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Vol. 1 - In My Lifetime Explicit Lyrics

108 customer reviews

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Audio CD, Explicit Lyrics, November 4, 1997
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Vol. 1 - In My Lifetime + Vol. 2, Hard Knock Life + Vol. 3 - Life And Times Of S. Carter
Price for all three: $24.37

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Editorial Reviews

Product Description

In an earlier age, when the likes of Public Enemy and Gang Starr ruled the roost, Jay-Z would have garnered the same kind of serious attention and respect as, say, the Fresh Prince. But in the devalued hip-hop universe of the late 1990s--where political activism is irrelevant, and entrepreneurial mediocrities like Puff Daddy and Master P hold sway--it's tempting to hail him as a conquering hero. Tempting, but mistaken. For one thing, he lacks the pipes to be considered among the truly great MCs (Chuck D, Guru, Ice Cube, Method Man). For another, his rhymes--both structurally and in terms of subject-matter--are way too simplistic. Rather than draw any conclusions from his world, or postulate any form of action, Jay simply calls 'em like he sees 'em--a post-Biggie dialectic of thinly-veiled threats ("Friend or Foe '98", "Face Off") and dreary self-aggrandisment ("I Know What Girls Like", "City Is Mine"). Hang on, didn't this used to be known as whack? --Andrew McGuire

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Product Details

  • Audio CD (November 4, 1997)
  • Original Release Date: November 4, 1997
  • Number of Discs: 1
  • Format: Explicit Lyrics
  • Label: Roc A Fella
  • ASIN: B0000024MU
  • Average Customer Review: 4.1 out of 5 stars  See all reviews (108 customer reviews)
  • Amazon Best Sellers Rank: #20,933 in Music (See Top 100 in Music)

Customer Reviews

Most Helpful Customer Reviews

17 of 18 people found the following review helpful By The Gifted One on September 15, 2003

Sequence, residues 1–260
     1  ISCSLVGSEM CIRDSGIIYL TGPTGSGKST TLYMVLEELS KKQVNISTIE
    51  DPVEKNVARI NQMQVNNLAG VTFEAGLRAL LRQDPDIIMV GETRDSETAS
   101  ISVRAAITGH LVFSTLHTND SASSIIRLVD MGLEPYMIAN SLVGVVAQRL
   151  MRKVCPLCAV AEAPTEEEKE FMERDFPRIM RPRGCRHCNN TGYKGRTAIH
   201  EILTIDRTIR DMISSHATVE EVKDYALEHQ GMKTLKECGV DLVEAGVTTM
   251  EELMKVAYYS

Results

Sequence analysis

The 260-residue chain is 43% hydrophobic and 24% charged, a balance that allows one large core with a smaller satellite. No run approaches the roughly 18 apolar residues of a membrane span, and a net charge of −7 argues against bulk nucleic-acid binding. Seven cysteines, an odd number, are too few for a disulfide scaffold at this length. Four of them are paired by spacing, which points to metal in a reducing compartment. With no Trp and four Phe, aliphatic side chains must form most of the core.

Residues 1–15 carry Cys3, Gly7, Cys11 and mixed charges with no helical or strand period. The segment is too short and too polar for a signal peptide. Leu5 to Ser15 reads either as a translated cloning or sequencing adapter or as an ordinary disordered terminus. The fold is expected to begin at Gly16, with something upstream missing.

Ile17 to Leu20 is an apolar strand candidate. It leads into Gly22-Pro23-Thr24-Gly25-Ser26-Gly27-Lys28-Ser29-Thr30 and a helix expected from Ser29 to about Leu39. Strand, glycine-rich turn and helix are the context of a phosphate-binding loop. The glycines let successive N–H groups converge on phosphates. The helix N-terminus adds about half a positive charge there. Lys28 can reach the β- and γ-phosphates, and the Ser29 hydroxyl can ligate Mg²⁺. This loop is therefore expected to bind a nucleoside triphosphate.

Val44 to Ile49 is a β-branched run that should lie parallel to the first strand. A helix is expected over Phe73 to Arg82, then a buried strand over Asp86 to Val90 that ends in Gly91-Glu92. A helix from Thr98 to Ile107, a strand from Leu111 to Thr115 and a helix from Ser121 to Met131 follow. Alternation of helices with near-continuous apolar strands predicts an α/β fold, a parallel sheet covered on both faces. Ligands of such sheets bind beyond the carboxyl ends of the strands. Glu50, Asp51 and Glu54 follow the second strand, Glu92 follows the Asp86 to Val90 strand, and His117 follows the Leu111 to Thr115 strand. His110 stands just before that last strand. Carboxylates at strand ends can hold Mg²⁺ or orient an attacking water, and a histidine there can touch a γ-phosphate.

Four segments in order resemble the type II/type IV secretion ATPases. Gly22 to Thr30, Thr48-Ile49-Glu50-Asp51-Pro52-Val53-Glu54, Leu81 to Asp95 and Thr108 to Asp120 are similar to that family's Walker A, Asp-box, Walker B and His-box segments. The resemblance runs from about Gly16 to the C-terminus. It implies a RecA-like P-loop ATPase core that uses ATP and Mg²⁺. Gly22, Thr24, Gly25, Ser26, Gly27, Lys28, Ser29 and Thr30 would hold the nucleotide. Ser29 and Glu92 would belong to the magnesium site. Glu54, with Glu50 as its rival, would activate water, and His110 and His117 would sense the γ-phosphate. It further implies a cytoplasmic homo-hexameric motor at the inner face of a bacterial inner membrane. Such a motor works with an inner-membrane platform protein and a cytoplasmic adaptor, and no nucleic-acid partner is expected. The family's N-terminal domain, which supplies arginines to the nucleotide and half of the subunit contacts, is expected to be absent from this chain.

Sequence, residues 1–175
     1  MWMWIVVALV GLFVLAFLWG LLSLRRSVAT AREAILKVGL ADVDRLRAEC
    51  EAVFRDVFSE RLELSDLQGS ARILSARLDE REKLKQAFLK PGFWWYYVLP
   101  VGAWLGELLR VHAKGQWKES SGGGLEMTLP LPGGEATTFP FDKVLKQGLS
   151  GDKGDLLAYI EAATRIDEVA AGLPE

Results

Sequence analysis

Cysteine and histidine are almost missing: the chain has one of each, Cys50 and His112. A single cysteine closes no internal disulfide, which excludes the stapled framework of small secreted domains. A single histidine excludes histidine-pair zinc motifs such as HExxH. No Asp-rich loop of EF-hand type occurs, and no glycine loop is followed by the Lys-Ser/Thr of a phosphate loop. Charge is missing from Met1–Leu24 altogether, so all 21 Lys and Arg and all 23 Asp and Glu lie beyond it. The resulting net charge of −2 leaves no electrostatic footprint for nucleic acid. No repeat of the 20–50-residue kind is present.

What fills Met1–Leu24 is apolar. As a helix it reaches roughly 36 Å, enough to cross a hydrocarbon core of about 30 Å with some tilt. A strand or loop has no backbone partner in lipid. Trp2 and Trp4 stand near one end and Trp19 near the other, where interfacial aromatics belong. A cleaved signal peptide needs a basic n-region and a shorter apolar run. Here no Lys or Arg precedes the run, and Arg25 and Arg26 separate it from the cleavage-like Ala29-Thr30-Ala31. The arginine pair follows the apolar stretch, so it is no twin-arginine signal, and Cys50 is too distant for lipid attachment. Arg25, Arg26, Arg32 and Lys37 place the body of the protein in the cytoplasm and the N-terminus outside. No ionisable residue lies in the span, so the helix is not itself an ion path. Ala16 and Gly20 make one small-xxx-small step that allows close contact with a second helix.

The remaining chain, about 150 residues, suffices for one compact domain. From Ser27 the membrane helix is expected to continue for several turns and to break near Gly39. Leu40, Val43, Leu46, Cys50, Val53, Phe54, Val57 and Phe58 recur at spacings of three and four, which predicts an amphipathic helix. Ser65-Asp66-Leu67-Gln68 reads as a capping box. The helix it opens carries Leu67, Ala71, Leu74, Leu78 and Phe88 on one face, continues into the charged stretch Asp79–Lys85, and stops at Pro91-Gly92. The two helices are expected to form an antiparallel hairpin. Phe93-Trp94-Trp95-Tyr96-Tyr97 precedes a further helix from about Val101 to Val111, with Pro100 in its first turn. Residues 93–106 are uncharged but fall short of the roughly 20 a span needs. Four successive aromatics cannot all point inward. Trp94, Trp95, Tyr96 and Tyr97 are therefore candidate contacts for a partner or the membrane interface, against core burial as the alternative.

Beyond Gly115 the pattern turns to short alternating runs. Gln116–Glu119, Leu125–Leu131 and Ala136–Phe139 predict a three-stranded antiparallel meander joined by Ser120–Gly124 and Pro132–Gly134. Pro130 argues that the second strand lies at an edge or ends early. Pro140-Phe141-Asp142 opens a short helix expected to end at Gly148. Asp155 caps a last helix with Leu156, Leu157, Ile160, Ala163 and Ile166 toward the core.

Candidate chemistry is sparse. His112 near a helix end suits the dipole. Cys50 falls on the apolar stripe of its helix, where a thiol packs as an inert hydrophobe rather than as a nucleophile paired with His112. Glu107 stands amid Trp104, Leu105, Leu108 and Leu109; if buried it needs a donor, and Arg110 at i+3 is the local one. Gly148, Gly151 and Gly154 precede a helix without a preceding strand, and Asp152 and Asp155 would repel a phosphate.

Format: Audio CD Verified Purchase
In My Lifetime Vol. 1 is Jay-Z's 3rd best album after Reasonable Doubt and Blueprint respectively. This album is very underrated for the simple fact that it came out after the classic RD and before Jay's "blow up" album Vol. 2 Hard Knock Life. A lot of the tracks here are pretty good and as always Jigga has his lyrics on point. Now for the track by track breakdown. The number after the description is based on a 1 to 5 scale with one being the worst.
1. A Million and One Questions - A very good track. Premo laced Jay with a sick beat for this track. This track had Jay-Z's best intro on any LP until the Dynasty album came out. (5)
2. The City is Mine - This track is hot. I love the mellow beat and it makes me feel calm everytime I hear it. I think on this one Jay was making a statement telling everyone how he was about to take over the rap game (which he has now accomplished). (4.5)
3. I Know What Girls Like - The worst track on the album in my opinion. Even Lil' Kim's appearance can't help this track's annoying beat and the weak topic. This is one of the tracks that prevent this album from being a classic. (2.5)
4. Imaginary Player - An excellent track. It has a real street feel to it. Jay raps about wearing white air force ones and platinum jewelry way back in 1997 when most of the nation was still wearing Reeboks and gold chains. Jay definitely proves himself to be a trendsetter in the rap game, not to mention that the flow is sick on this one. (5)
5. Streets is Watching - This track is one of Jay's more hardcore tracks. He talks about how the streets see and talk about whatever you do. So watch your actions. (5)
6. Friend or Foe '98 - A humorous track, it will make you laugh everytime you hear it. (3.5)
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10 of 11 people found the following review helpful By K. Harrison on January 5, 2006
Format: Audio CD
A lot of the kids rating this album were in diapers when it first came out. Don't get it twisted, the album is hot! And that's coming from someone who was there...right there, listening to it, as soon as it came out! This is the last album that Jay put out that was truly Hip-Hop. And it came out during a time when true Hip-Hop music was on the decline. It got horrible air play. The only time I'd hear it on the radio was late Saturday nights when WHPK played "Streets is Watchin'" during their Hip-Hop show. Otherwise, the mainstream radio stations, at least in Chicago, didn't give it a second thought. I bumped the sh%$ out of this album. Many good tracks. The production tight, but not commercial. But Jay-Z's words are what captured me. His lyrics are deep...creative...unbelievable! Check out "Imaginary Players". But this time, try to follow what he's saying (if you can). That's probably the song that gets the least respect on the album.